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SonarQube: Integration
Head of Software Delivery at a tech services company with 51-200 employees

Our primary use case is to analyze source code for software bugs, technical debt, vulnerabilities, and test coverage. It provides an automated gated procedure to ensure that engineers are able to deliver great, secure code to production. 

We plug this process into our process right from the start enabling the IDE integrations so that engineers can scan their code before submission. Following on from that we run the scans on every change that has been submitted for review. 

This way we ensure that no core/fundamental issues are added to our codebases. 

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Software Engineer at Adfolks

The reporting can be improved. In particular, the portability report can be better.

I would like to see better integration with the various DevOps tools.

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YB
Devops Engineer at a financial services firm with 10,001+ employees

The most valuable feature is the security hotspot feature that identifies where your code is prone to have security issues.

It also gives you a very good highlight of what's changed, and what has to be changed in the future.

Apart from that, there are many other good features as it's a code analytics platform. It also has a dashboard reporting feature, which is very good. I also like the ease of its integration with Jenkins.

Another valuable feature is the time snapshot that it provides for the code. It provides the code quality, the lagging, and the training features like what already has gone wrong and what is likely to go wrong. It's a very good feature for a project to have a dashboard where the users can find everything about their project at a single glance.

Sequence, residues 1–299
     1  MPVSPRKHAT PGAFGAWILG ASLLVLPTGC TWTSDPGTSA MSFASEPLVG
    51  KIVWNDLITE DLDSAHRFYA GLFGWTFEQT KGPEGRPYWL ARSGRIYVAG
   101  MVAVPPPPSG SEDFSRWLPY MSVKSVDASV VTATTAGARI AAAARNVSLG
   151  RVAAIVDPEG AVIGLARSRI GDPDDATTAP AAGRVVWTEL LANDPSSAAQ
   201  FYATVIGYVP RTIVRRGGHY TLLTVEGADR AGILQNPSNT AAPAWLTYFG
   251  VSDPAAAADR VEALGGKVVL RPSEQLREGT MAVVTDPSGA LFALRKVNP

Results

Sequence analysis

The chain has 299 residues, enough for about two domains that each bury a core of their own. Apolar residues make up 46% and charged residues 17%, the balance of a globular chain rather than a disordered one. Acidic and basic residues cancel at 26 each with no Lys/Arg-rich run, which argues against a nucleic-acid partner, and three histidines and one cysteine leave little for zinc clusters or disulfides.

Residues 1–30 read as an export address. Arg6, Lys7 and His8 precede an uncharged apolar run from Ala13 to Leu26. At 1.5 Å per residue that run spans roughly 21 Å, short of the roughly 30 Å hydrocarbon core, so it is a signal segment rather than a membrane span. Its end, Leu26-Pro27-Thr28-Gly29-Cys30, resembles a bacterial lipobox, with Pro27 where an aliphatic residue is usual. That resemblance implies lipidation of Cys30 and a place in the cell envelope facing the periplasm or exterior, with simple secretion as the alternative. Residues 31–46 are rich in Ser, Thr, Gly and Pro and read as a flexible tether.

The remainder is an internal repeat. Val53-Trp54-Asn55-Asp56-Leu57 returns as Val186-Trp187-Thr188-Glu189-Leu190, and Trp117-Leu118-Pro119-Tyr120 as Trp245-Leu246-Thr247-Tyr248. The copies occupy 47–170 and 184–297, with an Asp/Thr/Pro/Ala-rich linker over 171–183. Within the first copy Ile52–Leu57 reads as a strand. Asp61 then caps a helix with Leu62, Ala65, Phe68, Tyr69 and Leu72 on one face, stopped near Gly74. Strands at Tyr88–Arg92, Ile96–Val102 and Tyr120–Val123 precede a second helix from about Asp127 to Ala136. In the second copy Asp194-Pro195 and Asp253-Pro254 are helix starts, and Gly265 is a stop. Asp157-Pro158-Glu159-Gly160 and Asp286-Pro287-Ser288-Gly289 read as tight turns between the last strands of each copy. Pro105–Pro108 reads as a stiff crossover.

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PC
Engineer at a pharma/biotech company with 201-500 employees

The library could have more languages that are supported. It would be helpful.

There are a few clauses that are specific to our organization, and it needs to improve. It's the reason that were are evaluating other solutions. It creates the ability for the person who releases the authorized release, which is not good. We would like to be able to expand on our work.

MicroFocus, as an example, would be helping us with that area or creating a dependency tree of the code from where it deployed and branching it into your entire code base. This would be something that is very helpful and has helped in identifying the gaps.

It would be great to have a dependency tree with each line of your code based on an OS top ten plugin that needs to be scanned. For example, a line or branch of code used in a particular site that needs to be branched into my entire codebase, and direct integration with Jira in order to assign that particular root to a developer would be really good.